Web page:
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⭒ New Developments

DPH Warns Nursing Homes that Medi-Cal Discrimination Is Illegal

On December 22, 2023, the Department of Public Health (DPH) issued All-Facilities Letter 23-37 reminding nursing homes in California of the admission, transfer, and discharge laws that are often disregarded in the pursuit of higher profit margins.  Unfortunately, nursing homes needed a stern reminder they are required to provide “continuous skilled nursing care . . . on an extended basis.”  In other words, they are all required to provide long term care and staff are barred from telling residents they only provide short term care or that residents have to leave when their short term Medicare coverage is ending.  The AFL states:

“[Nursing homes] may not seek to transfer or discharge residents solely due to a change in their source of payment, e.g., Medicare to Medi-Cal, or to open a bed for residents with insurance coverage that provides a higher rate of reimbursement.”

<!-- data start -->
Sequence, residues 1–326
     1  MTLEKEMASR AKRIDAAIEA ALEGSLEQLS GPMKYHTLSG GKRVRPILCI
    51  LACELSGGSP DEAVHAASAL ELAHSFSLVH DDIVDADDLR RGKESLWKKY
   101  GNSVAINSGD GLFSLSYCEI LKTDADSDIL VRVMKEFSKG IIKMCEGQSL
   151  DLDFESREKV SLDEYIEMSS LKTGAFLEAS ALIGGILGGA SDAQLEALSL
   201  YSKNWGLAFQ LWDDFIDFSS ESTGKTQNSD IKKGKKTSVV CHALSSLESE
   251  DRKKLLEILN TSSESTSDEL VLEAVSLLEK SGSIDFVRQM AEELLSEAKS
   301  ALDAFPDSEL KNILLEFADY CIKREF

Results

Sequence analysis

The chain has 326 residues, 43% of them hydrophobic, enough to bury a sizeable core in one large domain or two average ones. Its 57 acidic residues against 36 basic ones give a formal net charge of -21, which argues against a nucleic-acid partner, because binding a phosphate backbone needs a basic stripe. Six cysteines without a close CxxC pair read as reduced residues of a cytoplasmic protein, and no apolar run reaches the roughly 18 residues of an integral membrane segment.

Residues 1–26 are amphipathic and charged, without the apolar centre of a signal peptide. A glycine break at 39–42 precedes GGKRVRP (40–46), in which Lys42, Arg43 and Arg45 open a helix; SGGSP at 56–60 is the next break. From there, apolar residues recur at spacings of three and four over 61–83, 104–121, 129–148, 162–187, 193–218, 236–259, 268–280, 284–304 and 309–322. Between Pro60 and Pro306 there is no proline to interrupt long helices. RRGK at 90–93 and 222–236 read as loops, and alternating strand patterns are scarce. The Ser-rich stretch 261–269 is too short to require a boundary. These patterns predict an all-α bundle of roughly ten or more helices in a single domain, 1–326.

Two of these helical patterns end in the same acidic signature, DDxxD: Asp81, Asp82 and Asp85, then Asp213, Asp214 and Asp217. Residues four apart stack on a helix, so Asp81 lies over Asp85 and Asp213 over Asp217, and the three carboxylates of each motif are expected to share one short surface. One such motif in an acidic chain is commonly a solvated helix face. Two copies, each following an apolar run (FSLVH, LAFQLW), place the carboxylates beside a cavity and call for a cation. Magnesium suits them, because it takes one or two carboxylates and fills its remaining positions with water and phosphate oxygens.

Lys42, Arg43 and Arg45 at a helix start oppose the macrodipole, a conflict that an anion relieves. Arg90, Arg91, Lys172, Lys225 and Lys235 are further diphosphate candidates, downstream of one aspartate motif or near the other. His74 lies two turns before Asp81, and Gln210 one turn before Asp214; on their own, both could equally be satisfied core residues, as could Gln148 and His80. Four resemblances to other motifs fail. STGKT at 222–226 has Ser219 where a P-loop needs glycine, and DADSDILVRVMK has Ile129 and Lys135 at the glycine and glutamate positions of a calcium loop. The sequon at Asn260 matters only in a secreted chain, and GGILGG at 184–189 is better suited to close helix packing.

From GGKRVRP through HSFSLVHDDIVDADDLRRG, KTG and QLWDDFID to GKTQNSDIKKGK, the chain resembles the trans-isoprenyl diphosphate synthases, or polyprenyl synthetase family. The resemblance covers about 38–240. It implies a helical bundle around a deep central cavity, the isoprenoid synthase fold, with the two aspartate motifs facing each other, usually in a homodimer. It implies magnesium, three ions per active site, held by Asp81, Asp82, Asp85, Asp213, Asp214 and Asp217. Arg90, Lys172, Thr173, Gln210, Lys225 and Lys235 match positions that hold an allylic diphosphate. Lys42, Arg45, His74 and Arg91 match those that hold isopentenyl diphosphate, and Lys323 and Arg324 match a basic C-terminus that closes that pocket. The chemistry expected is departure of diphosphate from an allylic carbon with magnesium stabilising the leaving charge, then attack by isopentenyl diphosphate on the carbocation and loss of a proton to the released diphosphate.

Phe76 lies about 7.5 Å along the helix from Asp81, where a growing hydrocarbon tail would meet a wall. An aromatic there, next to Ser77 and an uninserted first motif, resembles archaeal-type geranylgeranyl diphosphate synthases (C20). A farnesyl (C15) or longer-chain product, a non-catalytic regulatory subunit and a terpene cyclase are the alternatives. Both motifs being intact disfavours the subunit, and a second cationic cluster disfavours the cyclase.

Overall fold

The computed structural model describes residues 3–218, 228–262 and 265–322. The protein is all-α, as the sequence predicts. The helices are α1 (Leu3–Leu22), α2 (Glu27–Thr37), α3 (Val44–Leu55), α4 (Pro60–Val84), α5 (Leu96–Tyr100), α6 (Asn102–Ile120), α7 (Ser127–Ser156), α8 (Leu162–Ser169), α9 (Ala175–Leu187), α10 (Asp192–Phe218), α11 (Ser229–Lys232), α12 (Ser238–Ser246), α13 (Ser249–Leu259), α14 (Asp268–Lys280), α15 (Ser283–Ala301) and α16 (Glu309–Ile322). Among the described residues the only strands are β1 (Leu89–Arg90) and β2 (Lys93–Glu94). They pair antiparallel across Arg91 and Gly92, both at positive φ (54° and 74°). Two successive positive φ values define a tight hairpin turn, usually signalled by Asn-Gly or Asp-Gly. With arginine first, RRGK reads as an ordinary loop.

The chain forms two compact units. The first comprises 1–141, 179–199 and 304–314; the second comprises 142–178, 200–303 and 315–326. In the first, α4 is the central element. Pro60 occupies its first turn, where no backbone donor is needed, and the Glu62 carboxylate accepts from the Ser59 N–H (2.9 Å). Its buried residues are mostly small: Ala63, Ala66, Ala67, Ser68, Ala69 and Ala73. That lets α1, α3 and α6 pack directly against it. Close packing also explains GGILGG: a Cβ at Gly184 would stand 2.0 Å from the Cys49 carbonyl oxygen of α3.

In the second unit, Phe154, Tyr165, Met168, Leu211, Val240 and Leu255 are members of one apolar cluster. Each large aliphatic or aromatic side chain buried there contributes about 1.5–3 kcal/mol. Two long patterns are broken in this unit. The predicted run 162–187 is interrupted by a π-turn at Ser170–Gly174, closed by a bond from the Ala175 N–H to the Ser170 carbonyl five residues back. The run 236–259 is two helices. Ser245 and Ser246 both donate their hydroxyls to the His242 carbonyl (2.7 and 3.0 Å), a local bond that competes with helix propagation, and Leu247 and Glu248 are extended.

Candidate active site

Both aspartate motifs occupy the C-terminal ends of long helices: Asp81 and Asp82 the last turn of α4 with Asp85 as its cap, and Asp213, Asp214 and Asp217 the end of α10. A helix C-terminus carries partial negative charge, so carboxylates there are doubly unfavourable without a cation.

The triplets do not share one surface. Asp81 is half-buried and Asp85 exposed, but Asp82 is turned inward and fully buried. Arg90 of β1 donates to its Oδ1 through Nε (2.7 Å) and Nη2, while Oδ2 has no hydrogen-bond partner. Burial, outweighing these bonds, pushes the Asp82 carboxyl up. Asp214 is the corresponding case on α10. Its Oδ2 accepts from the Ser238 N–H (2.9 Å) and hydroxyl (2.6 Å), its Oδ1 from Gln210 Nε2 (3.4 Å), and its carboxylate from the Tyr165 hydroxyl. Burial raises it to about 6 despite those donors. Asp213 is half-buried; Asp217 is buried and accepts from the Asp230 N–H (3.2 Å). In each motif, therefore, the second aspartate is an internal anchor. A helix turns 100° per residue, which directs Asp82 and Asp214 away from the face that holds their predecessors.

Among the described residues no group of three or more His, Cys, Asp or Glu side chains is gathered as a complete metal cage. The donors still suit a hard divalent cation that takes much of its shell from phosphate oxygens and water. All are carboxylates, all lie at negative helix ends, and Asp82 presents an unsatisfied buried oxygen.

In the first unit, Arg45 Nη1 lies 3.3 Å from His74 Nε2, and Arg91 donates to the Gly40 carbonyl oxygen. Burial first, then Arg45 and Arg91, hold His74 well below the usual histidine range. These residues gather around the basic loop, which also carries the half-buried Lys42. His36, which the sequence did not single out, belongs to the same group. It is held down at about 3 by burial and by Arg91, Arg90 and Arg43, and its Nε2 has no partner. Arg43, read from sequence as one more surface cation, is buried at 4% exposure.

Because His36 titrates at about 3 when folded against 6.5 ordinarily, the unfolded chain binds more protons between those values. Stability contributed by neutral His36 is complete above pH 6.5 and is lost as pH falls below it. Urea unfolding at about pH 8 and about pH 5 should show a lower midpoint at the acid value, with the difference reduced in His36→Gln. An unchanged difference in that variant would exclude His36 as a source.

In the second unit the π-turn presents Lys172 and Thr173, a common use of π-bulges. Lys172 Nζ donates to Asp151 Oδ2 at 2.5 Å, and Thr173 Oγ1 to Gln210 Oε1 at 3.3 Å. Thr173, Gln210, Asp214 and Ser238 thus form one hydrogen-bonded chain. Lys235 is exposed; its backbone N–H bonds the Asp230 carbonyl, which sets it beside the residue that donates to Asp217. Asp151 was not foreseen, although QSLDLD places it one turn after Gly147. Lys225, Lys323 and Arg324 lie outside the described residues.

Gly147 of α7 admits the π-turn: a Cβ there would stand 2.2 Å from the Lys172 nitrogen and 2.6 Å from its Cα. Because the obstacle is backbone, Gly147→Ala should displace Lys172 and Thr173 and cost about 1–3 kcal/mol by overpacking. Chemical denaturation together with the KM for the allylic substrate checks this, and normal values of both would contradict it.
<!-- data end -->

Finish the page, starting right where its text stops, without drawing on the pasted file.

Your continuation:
After a resident’s Medicare coverage has ended, they might switch to lower-paying private pay or Medi-Cal, reducing a facility’s potential profits.  As a result, nursing homes commonly refuse admission to prospective residents who are likely to stay for months or more because Medicare benefits usually cover only a few weeks.  Similarly, residents whose Medicare coverage ends are usually pressured to leave, even when they qualify for Medi-Cal coverage and the discharge is premature and unsafe.  Facilities will tell residents, illegally, that they don’t provide long term care or custodial care or only offer “short term” or “rehab” stays.

Medi-Cal discrimination has long been illegal, as the AFL points out, but has been a staple of the nursing home playbook for decades due to a lack of consumer awareness and state enforcement.  Hopefully, the AFL will give residents, their advocates, and enforcement agencies the hook they need to fight back against Medi-Cal discrimination.